CUHK-Shenzhen Wins Second Prize at Intelligent Car Race
The NXP Cup
The NXP Cup National University Students Intelligent Car Race (the NXP Cup) was originally known as the Freescale Cup. It is a first-of-its-kind competition hosted by the Department of Higher Education (Ministry of Education) which has become one of the most influential technology innovation and practice competitions featuring contestants from nearly 500 universities in over 30 provinces. It has grown from three events to seven including light and electricity. The NXP Cup requires its contestants to use microcontrollers as main control units, apply road sensors and motor drivers, and write programs to design and assemble smart cars that could independently identify track conditions and objects. It challenges contestants with vehicle engineering, assembling unmanned aerial vehicles (UAVs), and controller and actuator optimization.
About Cheng Dao 419
A total of nearly 200 teams comprising 1800 students from 166 universities participated in the final. Cheng Dao 419 consisted of three senior Electronic Information Engineering students: Wei Yingxin, Du Jingxin, and Liu Yuanhao, and a year 2 doctoral student, Niu Guanchong.
(From left) Members of “Cheng Dao 419”: Du Jingxin, Wei Yingxin, and Liu Yuanhao; and Prof. Simon Pun, SSE
Cheng Dao 419 joined the NXP Cup because “unmanned ground vehicles (UGVs) and UAVs have been hot topics in research in recent years.”? They commented that the quadrotor race was a great drawcard and that they hoped to deepen their knowledge of smart cars and UAVs whilst inspiring the CUHK -Shenzhen spirit for innovation and practice. “We’d like to thank our school and CIDE for their great support, and extend our sincere gratitude to Prof. Pun. They helped us make our dreams finally come true.”
Team members reflected that high technology and smart manufacturing were their research topics. “We applied Raspberry Pi to operate OpenCV to recognize beacons, parallel computing to optimize OpenCV to speed up distortion correction, 850nm filters to wide-angle lenses to filter stray light, and the IoT to control 3D printers to facilitate remote printing. Through CATIA, we designed a crash barrier and printed it out with a 3D printer. We also applied SDR to debug our models to improve their anti-jamming capability and PixHawk, an open source autopilot, to make our UAVs…The results speak for themselves.”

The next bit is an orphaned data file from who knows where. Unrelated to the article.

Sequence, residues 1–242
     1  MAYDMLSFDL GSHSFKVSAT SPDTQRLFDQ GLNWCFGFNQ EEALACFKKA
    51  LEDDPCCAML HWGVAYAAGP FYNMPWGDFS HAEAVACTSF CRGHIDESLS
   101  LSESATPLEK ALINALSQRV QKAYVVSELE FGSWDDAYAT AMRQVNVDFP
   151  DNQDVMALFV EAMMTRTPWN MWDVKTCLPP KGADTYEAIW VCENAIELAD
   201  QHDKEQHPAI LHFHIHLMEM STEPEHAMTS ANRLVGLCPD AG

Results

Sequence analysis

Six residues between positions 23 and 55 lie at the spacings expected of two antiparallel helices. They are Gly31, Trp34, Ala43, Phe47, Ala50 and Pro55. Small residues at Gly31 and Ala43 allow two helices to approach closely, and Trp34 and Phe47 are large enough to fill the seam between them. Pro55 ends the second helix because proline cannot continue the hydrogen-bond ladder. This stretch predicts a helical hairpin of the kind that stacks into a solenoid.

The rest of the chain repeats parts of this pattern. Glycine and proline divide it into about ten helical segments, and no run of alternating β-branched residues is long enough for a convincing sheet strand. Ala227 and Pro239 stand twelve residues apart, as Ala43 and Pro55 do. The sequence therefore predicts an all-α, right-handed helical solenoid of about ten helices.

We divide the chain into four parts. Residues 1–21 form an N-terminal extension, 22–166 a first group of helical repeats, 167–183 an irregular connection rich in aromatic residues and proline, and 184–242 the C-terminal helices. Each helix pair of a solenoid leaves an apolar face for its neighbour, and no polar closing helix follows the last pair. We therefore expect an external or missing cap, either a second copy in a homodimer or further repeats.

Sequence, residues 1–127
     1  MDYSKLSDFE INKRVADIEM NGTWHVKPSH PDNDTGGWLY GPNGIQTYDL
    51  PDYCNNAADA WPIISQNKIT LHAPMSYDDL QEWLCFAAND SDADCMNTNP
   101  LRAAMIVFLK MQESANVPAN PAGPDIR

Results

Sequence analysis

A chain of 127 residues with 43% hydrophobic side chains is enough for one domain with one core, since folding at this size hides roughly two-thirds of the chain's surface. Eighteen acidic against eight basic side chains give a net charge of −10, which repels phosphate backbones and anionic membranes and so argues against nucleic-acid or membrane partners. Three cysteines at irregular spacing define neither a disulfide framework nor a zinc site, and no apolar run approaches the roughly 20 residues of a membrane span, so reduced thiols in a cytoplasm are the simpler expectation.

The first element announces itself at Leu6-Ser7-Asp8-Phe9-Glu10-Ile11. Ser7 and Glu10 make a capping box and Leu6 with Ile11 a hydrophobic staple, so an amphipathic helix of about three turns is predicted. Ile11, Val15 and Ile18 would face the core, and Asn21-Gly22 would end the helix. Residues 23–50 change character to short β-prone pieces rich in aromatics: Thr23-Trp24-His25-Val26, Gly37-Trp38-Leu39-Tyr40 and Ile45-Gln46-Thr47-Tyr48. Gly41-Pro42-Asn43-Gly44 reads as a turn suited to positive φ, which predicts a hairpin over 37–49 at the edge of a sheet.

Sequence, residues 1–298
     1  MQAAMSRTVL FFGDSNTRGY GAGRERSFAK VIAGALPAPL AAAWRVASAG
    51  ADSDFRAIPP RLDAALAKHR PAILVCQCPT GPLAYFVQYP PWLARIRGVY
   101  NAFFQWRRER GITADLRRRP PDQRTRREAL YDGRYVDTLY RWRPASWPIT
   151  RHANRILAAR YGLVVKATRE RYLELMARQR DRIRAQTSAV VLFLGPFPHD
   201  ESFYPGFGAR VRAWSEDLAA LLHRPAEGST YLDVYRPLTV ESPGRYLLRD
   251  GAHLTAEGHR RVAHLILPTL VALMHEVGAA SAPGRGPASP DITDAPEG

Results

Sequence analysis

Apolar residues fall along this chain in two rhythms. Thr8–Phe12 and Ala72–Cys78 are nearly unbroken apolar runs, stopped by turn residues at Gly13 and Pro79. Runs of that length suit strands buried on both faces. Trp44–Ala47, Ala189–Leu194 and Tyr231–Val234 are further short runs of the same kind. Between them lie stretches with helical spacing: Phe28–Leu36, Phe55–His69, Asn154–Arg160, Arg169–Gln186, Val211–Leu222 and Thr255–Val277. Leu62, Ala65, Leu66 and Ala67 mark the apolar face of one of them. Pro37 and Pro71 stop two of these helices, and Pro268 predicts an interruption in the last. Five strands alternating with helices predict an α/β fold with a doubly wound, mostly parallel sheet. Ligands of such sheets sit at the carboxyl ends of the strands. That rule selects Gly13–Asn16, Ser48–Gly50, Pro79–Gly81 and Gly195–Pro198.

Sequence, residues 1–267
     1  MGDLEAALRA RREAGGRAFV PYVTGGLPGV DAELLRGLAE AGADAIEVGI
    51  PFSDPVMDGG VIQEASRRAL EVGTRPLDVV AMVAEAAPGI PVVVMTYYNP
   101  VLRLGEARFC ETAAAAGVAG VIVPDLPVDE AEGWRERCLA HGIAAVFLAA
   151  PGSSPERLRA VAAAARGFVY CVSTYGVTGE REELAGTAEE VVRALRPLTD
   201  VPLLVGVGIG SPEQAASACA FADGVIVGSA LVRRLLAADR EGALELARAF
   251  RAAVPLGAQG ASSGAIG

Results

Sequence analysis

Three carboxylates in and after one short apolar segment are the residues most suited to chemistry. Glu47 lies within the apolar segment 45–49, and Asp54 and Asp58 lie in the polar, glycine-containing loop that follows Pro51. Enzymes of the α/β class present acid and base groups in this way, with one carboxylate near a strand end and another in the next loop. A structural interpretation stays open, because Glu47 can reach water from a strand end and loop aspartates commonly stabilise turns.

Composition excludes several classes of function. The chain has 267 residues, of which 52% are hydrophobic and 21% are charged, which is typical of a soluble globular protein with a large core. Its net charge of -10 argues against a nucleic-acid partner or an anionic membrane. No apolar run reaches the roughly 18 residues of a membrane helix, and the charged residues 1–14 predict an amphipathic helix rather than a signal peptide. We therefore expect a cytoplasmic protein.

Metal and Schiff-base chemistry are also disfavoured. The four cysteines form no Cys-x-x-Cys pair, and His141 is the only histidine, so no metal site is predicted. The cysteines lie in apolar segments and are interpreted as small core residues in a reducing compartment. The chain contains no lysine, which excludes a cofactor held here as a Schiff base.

Quadrotor models assembled by Cheng Dao 419 at the 12th NXP Cup
“We are lucky our university is located in Shenzhen, the ‘Silicon Valley’ in China. Therefore, the electronic components needed are easily accessible. For example, we found a component in Huaqiang North shopping mall. Teams from other cities were not that lucky. Our competitor from Beijing broke its wide-angle lens but could not get a new one in time, which greatly impacted their performance. We feel we are so lucky to live in Shenzhen.”
Although their efforts yielded positive results, team members acknowledge the gap between them and their competitors. “We lacked experience in comparison to the top teams like the Harbin Institute of Technology.? It was our first time, but they have competed in the race for five consecutive years. Therefore, we learn much from competing with them.”
“The NXP Cup allowed us to access to a wonderland of engineering, electrical circuits, and programming. We assembled components, designed mechanical structures and electrical circuits, applied drivers and algorithms, and finally assembled a UGV and a UAV, letting them work together to carry out tasks. We spent day and night designing electrical circuits, coding, and debugging smart cars and quadrotor models together - a long and painful but ultimately rewarding process. We were happy to see our smart cars and UAVs finished. Pain and happiness were intertwined in those days.”
Back to university
On returning to school, members found room for improvement. Prof. Stephen Boyd from Stanford University visited CUHK-Shenzhen and watched their smart car demonstration. As a master of control theory, he spent two days instructing team members about trajectory optimization for a smart car running at high speed with local control. Before he returned to Stanford, Prof. Boyd asked the team members to send him updates.
Cheng Dao 419 members sincerely thank all members of the Cheng Dao 419 Lab for their support, in particular, engineers Mr. Hou Liang and Mr. Yang Lujian.
Supported by Prof. Simon Pun and Prof. Stephen Boyd, the team is planning to organize a student group on smart manufacturing research open to all CUHK-Shenzhen students.
Prof. Stephen Boyd and Prof. Simon Pun guiding team members